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Worry Colors Second-Half Outlook - Broadcasting & Cable

Worry Colors Second-Half Outlook

After clear skies, TV business now faces challenges from economy and shifts in technology
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Two recently published numbers are raising big questions
about how good the second half of 2012 will be for the national television
industry.


The first number came in a report from the Labor Department, stating that the
U.S. added only 80,000 jobs in June. The figure was taken as an indicator that
the economic recovery in the country was slowing down. The stock market fell
124 points, or almost 1%, the day the number came out, taking nearly all of the
major media stocks down with it. Worries about the economy have already
contributed to an upfront advertising market that was less robust than
expected.


The second number came from Netflix, once the industry's scary Death Star for
providing a cheap streaming alternative to cable. It became a cash machine for
most media companies by writing billion-dollar checks and opening a new digital
video syndication window. But when Netflix said that it exceeded 1 billion
hours of online video views during June, it sent a chill down the spines of
traditional TV followers worried about cannibalization and lower ratings.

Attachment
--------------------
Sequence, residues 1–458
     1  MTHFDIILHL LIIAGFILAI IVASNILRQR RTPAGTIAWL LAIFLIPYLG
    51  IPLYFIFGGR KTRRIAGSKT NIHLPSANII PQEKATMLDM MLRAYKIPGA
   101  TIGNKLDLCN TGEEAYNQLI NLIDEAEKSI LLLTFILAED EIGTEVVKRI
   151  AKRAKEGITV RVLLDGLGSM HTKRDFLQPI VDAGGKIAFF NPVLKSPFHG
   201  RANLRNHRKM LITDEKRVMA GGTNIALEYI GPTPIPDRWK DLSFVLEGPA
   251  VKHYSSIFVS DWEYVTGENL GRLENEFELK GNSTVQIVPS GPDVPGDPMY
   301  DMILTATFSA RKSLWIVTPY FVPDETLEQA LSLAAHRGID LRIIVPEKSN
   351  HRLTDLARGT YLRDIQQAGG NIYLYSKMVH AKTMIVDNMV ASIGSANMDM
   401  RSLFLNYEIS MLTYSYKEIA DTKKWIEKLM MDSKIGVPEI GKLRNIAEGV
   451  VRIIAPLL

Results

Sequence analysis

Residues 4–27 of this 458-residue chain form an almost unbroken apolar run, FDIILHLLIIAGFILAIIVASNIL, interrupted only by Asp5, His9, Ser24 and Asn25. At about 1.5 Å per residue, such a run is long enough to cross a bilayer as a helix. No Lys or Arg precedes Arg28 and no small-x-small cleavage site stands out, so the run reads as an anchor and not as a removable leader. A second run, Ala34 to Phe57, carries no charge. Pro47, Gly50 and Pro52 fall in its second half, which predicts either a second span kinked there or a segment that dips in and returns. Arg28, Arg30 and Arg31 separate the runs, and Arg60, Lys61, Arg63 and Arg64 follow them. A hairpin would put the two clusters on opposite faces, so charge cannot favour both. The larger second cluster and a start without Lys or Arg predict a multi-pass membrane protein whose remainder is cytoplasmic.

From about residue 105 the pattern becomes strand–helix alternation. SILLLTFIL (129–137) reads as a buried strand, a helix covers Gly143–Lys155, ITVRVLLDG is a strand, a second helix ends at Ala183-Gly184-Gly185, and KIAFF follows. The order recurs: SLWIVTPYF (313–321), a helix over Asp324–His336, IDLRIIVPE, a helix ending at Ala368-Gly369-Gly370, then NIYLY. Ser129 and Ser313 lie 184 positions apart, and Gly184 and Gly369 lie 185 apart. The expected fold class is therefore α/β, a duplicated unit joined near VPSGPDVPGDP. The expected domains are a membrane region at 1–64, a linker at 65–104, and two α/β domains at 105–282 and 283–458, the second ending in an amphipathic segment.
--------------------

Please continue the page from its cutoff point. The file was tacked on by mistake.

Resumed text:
Olympics and election years are generally buoyant ones for the television
industry. But will the second half of 2012 end up being as strong as originally
forecast in terms of revenue growth and corporate profits?


"Once we finish worrying about the shortterm, then we can get to worrying about
the long-term," says Brian Wieser, analyst at Pivotal Research Group and a
former media agency forecaster. "There are still a lot of dark clouds that over
time need to get worked through."


Wieser says it appears that revenue growth for the industry will be
decelerating in the second half of the year. While some observers see
advertising as a trailing indicator of economic activity, Wieser believes
advertising moves concurrently with the times. "To the extent that what we're
seeing now is going to be negative, then the second half will be bad," he says.
"If it's not as bad as we fear, then we turn to the longer-term issues."


Worrying and Waiting

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With advertising becoming a smaller chunk of their revenue
streams, and with cost controls remaining tight since the recession started,